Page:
The production from director Sam Gold is exemplary in its understanding of the piece – nothing distracts from the excellent storytelling and there isn’t a soap box in sight. And Gold gets strong performances from his child performers – indeed the acting all around is superb. Final praise goes to designer David Zinn for a stunning set that embodies the show: a rotating circle of furniture shows Bechdel’s obsession with bird’s-eye views, then a section in New York uses lighting to create comic book style panels, and finally the family home is revealed like a doll’s house. In each case, the point is clear and direct, forceful and impeccably well drawn.

Until 1 September 2018


Photo by Marc Brenner

“Caroline, Or Change” at the Hampstead Theatre

Well done to Edward Hall for bringing this Chichester Festival production to London. Director Michael Longhurst’s modest treatment of this major musical, about racism in the American south, has an intimacy that increases its intensity. The talents of Tony Kushner and Jeanine Tesori are awe inspiring, and this work ground breaking. The piece is sung throughout, so there’s a case for calling it an opera, but the genre doesn’t matter – this is simply something everyone should see.

Caroline, Or Change is at heart a “small domestic tragedy” about a middle-aged black maid, her children, and the family she works for. It’s a given that Sharon D Clarke would be good in the title role, but it’s a thrill to see just how great: her voice gives goose bumps and she portrays Caroline’s tough life, and harsher attitude, unflinchingly. Making Caroline heroic is interesting in itself, and seeing her through the eyes of Noah, the young boy she works for, is a brilliant device. She is not a wholly sympathetic character and Clark’s triumph is to balance the dramatic tension that results from this.

Following Caroline’s day, the washing machine, dryer, radio and bus she travels on all get songs. That might sound like Disney, but the music is for grown-ups and powerfully performed by Me’sha Bryan and Ako Mitchell, while T’Shan Williams, Sharon Rose and Carole Stennett make up a 60s-style singing trio. When allowed to keep coins Noah leaves in his laundry, Caroline’s struggles to take the child’s money. And all is played against the backdrop of the Civil Rights movement. So there’s change, big and small, with a heroine so poorly equipped to deal with either it becomes heart-breaking.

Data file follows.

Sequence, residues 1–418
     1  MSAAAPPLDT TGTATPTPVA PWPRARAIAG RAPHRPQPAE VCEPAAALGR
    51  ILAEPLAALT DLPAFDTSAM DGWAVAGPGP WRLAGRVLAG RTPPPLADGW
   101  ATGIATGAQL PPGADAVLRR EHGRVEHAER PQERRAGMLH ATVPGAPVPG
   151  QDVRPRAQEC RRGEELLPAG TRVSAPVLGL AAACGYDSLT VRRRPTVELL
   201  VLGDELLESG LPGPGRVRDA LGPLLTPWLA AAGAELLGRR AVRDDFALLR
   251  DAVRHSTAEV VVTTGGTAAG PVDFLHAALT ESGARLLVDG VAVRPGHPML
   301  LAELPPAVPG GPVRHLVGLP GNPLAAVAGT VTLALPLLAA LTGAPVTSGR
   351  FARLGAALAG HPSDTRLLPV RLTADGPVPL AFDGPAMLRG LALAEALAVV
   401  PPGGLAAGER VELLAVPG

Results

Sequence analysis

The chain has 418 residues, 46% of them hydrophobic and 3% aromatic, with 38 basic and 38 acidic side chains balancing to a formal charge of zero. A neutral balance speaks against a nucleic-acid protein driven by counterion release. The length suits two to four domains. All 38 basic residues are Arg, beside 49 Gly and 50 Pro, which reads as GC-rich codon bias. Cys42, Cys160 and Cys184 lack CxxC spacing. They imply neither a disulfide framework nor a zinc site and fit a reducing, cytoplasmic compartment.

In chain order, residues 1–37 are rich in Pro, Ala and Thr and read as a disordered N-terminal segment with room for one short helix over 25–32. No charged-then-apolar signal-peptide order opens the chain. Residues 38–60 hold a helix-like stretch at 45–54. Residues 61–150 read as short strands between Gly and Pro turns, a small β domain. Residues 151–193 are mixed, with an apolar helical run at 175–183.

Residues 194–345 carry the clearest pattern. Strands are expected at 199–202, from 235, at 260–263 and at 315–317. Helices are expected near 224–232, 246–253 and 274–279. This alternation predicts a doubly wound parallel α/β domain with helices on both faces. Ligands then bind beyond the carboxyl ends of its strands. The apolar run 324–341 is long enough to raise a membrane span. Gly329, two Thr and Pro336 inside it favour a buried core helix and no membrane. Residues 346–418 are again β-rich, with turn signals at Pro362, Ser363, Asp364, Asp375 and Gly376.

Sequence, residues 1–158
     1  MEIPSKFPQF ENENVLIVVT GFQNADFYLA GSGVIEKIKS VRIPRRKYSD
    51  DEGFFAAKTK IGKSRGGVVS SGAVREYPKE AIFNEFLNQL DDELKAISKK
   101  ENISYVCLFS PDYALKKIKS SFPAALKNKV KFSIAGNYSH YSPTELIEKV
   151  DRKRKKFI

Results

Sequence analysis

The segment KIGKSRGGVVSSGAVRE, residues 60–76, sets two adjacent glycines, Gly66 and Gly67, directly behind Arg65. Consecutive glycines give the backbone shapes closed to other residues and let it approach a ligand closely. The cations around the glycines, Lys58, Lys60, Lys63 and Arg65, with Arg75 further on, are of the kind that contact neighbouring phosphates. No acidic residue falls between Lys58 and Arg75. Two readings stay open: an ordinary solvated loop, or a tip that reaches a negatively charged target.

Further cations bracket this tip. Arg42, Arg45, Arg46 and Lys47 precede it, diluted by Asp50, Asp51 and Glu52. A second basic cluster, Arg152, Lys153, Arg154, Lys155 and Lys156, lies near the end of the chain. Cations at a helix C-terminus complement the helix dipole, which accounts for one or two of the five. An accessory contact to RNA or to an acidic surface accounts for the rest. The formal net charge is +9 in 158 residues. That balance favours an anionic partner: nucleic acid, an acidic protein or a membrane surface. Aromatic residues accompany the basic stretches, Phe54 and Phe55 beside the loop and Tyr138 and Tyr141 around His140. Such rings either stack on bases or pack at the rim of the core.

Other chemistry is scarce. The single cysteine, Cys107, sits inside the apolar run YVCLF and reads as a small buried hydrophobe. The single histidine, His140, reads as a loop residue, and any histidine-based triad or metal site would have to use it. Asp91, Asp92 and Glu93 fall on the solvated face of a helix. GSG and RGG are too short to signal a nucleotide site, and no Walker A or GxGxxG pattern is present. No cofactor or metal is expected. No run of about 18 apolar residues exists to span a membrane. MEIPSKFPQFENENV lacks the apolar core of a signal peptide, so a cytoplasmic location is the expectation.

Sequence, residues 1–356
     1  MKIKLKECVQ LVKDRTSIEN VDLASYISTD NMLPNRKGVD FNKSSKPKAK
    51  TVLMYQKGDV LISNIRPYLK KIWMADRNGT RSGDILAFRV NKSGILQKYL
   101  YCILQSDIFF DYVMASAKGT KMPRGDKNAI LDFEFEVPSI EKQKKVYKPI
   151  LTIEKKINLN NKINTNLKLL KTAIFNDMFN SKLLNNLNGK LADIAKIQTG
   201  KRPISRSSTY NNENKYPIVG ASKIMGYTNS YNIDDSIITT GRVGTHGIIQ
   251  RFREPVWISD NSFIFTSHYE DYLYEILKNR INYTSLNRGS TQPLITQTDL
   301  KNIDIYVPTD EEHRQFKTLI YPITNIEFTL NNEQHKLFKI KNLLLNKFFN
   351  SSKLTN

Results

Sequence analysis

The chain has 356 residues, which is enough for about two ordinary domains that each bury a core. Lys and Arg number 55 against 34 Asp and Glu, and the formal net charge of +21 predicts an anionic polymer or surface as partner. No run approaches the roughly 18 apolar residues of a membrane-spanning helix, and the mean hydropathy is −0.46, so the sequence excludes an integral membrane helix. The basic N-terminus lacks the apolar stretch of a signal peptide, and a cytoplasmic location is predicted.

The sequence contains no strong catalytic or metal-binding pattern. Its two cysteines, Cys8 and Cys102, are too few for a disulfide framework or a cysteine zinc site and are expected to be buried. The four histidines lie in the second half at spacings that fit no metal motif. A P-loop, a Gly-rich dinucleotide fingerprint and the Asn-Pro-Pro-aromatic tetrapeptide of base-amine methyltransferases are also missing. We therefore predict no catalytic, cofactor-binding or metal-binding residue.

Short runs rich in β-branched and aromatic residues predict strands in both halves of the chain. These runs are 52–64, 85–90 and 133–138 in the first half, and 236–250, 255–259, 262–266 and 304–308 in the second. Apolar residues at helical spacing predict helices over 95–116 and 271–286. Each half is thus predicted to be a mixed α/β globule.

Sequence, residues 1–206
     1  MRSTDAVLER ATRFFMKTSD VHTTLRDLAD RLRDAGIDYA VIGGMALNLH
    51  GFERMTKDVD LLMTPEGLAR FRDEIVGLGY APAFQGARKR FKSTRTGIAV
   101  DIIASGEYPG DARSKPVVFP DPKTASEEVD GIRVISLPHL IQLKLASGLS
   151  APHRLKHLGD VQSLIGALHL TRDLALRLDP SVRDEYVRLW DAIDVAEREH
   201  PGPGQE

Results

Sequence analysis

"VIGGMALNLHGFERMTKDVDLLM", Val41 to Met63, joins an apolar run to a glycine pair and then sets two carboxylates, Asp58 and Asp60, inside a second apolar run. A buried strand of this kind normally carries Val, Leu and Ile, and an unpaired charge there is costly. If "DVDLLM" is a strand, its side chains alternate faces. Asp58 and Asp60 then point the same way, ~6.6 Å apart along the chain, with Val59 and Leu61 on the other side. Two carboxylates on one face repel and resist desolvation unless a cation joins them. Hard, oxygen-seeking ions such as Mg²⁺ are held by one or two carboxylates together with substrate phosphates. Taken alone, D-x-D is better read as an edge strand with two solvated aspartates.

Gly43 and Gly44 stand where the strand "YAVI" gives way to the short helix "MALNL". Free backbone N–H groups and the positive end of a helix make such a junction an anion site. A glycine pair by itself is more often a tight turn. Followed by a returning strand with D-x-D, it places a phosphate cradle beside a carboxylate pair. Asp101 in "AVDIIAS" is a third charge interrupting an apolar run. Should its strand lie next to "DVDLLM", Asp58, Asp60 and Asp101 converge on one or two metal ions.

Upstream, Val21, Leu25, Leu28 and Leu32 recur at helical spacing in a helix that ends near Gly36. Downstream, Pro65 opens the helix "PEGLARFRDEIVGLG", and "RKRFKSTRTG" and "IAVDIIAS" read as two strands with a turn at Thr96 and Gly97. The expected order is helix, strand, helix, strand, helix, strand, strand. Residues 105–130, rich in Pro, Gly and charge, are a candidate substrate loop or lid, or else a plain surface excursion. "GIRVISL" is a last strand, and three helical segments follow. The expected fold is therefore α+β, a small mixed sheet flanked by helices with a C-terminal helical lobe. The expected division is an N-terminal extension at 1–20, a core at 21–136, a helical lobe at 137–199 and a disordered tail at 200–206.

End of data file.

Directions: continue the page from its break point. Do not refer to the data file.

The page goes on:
Kushner is a big ideas man, and there’s plenty of challenging thinking here. But these lyrics must count as some of the most extraordinary written. Along with propelling the plot, extending the family dramas and explicating historical events, the complexity of emotions expressed is remarkable. There’s wit, which makes many lines laugh out loud funny, and breath-taking imagery. Much of the text is pure poetry.

Matching Kushner’s skill with words comes the music of Jeanine Tesori. It’s a huge achievement that these lyrics never feel compromised: always clear, not a word out of place. The musical references have to be various, there’s a clash of cultures to evoke alongside a period feel. With gospel and blues comes Jewish folk music, the American anthem and Christmas carols. Weaved into all of these, with massive intelligence, are motifs for characters that provoke huge emotional impact.

Kushner and Tersori are smart and know great works require originality. Caroline, Or Change isn’t quite like anything else. It’s not just a matter of quirks – although it has delightful surprises – or contrariness. The audience goes home on a high (as it should). But Caroline’s fate is realistic, and any feelgood comes from the legacy of her children: led by her daughter Emmie, who wants to embrace the new and is given a suitably inspirational depiction by Abiona Omonua. Caroline herself can’t change. Given her life, could you? But putting such a fallible figure against dramas big and small is an important triumph of its own.

Until 21 April 2018


Photo by Marc Brenner